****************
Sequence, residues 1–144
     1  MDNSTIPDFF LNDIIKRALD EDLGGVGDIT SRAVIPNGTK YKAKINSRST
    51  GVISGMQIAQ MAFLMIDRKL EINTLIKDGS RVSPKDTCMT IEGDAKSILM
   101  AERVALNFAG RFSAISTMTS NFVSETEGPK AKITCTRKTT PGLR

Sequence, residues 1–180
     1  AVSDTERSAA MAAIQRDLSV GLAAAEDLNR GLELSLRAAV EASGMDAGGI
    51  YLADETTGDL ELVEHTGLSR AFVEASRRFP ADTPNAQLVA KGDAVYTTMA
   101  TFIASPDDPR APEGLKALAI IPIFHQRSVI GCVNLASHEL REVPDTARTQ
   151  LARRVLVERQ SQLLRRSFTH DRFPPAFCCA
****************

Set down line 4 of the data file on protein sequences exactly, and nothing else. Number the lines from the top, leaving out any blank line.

   101  AERVALNFAG RFSAISTMTS NFVSETEGPK AKITCTRKTT PGLR